2010-11 

14 

57 

19 

26 

7 

0 

14 

78 

10 

8 

0 

2011-12 

4 

59 

17 

10 

5 

1 

2 

55 

8 

5 

3 

2012-13 

7 

36 

22 

14 

3 

0 

7 

38 

8 

0 

1 

2013-14 

5 

68 

27 

13 

1 

0 

9 

47 

5 

2 

1 

2014-15 

4 

66 

29 

11 

3 

0 

8 

54 

3 

1 

3 

2015-16 

9 

60 

27 

9 

5 

0 

6 

35 

2 

0 

0 

2016-17 

12 

67 

22 

4 

9 

1 

6 

32 

3 

0 

0 

2017-18 

6 

79 

21 

7 

3 

1 

6 

33 

2 

0 

1 

2018-19 

9 

70 

18 

6 

0 

0 

4 

29 

3 

1 

0 

2019-20 

10 

73 

8 

5 

0 

0 

6 

23 

2 

0 

0 

2020-21 

1 

50 

14 

4 

5 

1 

2 

16 

2 

0 

1 

Total 

101 

746 

275 

167 

58 

6 

84 

597 

89 

33 

14 

 

 

Reg 

15 

16 

17 

18 

19 

20 

21 

22 

23 

24 

N/A 

Total 

2007-08 

 

4  

19  

2  

0  

0  

0  

0  

1  

0  

2  

13  

152 

2008-09 

 

0  

39  

1  

1  

0  

1  

0  

0  

2  

2  

4  

201 

2009-10 

 

3  

42  

4  

0  

0  

0  

0  

1  

1  

3  

3  

236 

2010-11 

 

3  

64  

4  

0  

1  

0  

1  

2  

1  

1  

1  

311 

2011-12 

 

0  

45  

2  

0  

1  

0  

0  

0  

1  

1  

2  

221 

2012-13 

 

0  

32  

1  

0  

1  

0  

0  

0  

1  

1  

0  

172 

2013-14 

 

0  

36  

1  

0  

0  

0  

0  

0  

0  

1  

2  

218 

2014-15 

 

2  

52  

3  

0  

0  

0  

0  

0  

1  

0  

0  

240 

2015-16 

 

 

0  

29  

1  

0  

0  

0  

0  

0  

0  

1  

3  

187 

2016-17 

 

0  

24  

1  

1  

0  

2  

0  

0  

0  

0  

2  

186 

2017-18 

 

 

0  

21  

0  

0  

0  

0  

0  

0  

0  

0  

1  

181 

2018-19 

0  

16  

0  

0  

0  

0  

0  

0  

0  

0  

0  

156 

2019-20 

 

2  

15  

0  

0  

0  

0  

0  

0  

0  

0  

0  

144 

2020- 21 

 

0  

10  

0  

0  

0  

0  

0  

0  

0  

1  

0  

107 

 

Total 

 

14 

444 

20 

2 

3 

3 

1 

4 

7 

13 

28 

2712 

 

 

  • Improvement notices  

 

  • The table below shows the number of Improvement Notices served by HSE for breaches of CAR (April 2007 to March 2021) by individual regulation and reporting year. For details of topics covered by individual regulations, see the key below. 

 

Reg 

4 

5 

6 

7 

8 

9 

10 

11 

12 

13 

14 

2007- 08 

91 

1 

2 

4 

0 

0 

25 

8 

2 

2 

1 

2008-09 

261 

4 

1 

2 

0 

0 

31 

6 

0 

2 

1 

2009-10 

236 

9 

3 

5 

1 

1 

57 

17 

5 

2 

0 

2010-11 

345 

8 

4 

4 

1 

1 

91 

15 

1 

3 

0 

2011-12 

267 

14 

7 

9 

3 

0 

109 

9 

0 

0 

0 

2012-13 

140 

10 

8 

6 

0 

3 

77 

21 

0 

0 

0 

2013-14 

92 

17 

9 

9 

1 

1 

86 

9 

2 

1 

0 

2014-15 

92 

9 

12 

7 

0 

0 

61 

15 

5 

6 

0 

2015-16 

89 

18 

3 

4 

1 

1 

58 

12 

0 

0 

0 

2016-17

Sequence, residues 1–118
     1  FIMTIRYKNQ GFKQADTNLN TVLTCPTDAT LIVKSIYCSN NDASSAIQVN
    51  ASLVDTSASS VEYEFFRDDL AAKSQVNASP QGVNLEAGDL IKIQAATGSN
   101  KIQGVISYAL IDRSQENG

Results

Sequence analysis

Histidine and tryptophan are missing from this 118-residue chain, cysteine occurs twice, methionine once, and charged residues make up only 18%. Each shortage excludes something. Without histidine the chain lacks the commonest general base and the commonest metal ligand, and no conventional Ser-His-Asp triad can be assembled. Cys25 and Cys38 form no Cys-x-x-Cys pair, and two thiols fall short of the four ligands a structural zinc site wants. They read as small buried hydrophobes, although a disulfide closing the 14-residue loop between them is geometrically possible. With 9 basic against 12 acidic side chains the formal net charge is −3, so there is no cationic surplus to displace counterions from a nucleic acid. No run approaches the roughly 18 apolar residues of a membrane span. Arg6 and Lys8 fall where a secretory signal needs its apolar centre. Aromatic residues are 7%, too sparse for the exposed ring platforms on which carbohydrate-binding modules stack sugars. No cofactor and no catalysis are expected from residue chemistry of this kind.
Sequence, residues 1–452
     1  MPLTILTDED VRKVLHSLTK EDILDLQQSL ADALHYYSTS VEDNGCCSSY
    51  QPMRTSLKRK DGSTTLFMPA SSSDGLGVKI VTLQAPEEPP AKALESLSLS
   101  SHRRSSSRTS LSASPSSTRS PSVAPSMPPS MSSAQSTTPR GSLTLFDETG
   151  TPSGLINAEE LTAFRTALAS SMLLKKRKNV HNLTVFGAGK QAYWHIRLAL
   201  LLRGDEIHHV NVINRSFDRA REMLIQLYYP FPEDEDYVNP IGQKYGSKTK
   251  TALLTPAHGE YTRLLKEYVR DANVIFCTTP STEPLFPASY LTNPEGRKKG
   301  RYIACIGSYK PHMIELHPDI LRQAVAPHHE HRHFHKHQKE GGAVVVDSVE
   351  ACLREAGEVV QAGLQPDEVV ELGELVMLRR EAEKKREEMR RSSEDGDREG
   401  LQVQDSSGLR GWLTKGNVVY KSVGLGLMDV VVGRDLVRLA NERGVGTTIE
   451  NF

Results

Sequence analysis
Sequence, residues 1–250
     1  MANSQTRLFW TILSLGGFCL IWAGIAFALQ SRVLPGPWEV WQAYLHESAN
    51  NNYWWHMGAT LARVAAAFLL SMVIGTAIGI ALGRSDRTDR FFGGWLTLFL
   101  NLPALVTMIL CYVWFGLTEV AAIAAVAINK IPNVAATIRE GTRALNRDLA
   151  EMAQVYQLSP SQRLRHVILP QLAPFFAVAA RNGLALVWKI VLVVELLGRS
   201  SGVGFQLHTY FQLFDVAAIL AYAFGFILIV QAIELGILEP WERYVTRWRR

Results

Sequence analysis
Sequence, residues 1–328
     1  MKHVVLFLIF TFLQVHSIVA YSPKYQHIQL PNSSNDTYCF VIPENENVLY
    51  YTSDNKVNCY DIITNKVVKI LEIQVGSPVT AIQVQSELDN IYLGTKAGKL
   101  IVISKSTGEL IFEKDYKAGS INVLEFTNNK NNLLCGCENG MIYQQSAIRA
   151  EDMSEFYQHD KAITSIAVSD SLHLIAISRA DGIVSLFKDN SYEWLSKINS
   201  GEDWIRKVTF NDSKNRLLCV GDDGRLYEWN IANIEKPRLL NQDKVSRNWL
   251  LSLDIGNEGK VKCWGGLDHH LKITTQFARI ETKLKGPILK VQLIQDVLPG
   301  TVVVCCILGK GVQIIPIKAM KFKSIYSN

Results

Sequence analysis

51 

15 

9 

3 

0 

0 

37 

9 

1 

2 

0 

2017-18 

52 

7 

5 

3 

0 

1 

44 

3 

2 

1 

0 

2018-19 

29 

13 

1 

2 

0 

0 

50 

8 

1 

0 

0 

2019-20 

36 

9 

5 

3 

0 

0 

32 

6 

0 

0 

0 

2020-21 

19 

8 

4 

7 

0 

0 

22 

2 

0 

0 

0 

 

Total 

 

1800 

142 

73 

68 

7 

8 

780 

140 

19 

19 

2 

 

 Improvement Notices continued 

Reg 

15 

16 

17 

18 

19 

20 

21 

22 

23 

24 

27 

Total 

2007-08 

1 

3 

0 

0 

0 

0 

0 

0 

0 

2 

0 

142 

2008-09 

2 

3 

0 

0 

0 

0 

0 

0 

0 

0 

0 

313 

2009-10 

3 

11 

2 

0 

1 

0 

0 

1 

1 

0 

0 

355 

2010-11 

2 

16 

3 

0 

0 

0 

0 

2 

1 

1 

0 

498 

2011-12 

0 

2 

2 

4 

0 

0 

0 

0 

0 

2 

0 

428 

2012-13 

2 

17 

0 

0 

4 

3 

1 

1 

0 

0 

0 

293 

2013-14 

1 

6 

0 

0 

0 

0 

0 

0 

0 

0 

0 

234 

2014-15 

6 

14 

0 

0 

0 

0 

0 

0 

0 

6 

1 

234 

2015-16 

0 

11 

0 

0 

0 

0 

0 

0 

0 

1 

0 

198 

2016-17 

1 

7 

2 

0 

0 

0 

0 

0 

0 

2 

0 

139 

2017-18 

3 

2 

0 

0 

0 

0 

0 

0 

0 

1 

0 

124 

2018-19 

0 

0 

0 

0 

0 

0 

0 

1 

0 

1 

0 

106 

2019-20 

1 

5 

0 

0 

0 

0 

0 

0 

0 

1 

0 

98 

2020-21 

0 

0 

0 

0 

0 

0 

0 

0 

0 

0 

0 

62 

 

Total 

 

22 

97 

9 

4 

5 

3 

1 

5 

2 

17 

1 

3224 

 

  • Key to individual regulations under CAR: 
  • 4 - the duty to manage asbestos in non-domestic premises 
  • 5 - identification of the presence of asbestos 
  • 6 - assessment of work which exposes employees to asbestos 
  • 7 - plans of work 
  • 8 - licensing of work with asbestos 
  • 9 - notification of work with asbestos                                         
  • 10 - information, instruction, and training 
  • 11 - prevention or reduction of exposure to asbestos 
  • 12 - use of control measures etc. 
  • 13 - maintenance of control measures etc. 
  • 14 - provision and cleaning of protective clothing 
  • 15 - arrangements to deal with accidents, incidents, and emergencies 
  • 16 - duty to prevent or reduce the spread of asbestos 
  • 17 - cleanliness of premises and plant 
  • 18 - designated Areas 
  • 19 - air monitoring 
  • 20 - standards for air testing and site clearance certification 
  • 21 - standards for analysis 
  • 22 - health records and medical surveillance 
  • 23 - washing and changing facilities 
  • 24 - storage, distribution and labelling of raw asbestos and asbestos waste 
  • 27 - labelling of products containing asbestos 
  • There may be additional asbestos-related notices served under The Health and Safety at Work Act not included in the above figures. 

 

 

September 2021

 


[1] Northern Ireland has its own set of identical Regulations - The Control of Asbestos Regulations (Northern Ireland) 2012 (legislation.gov.uk)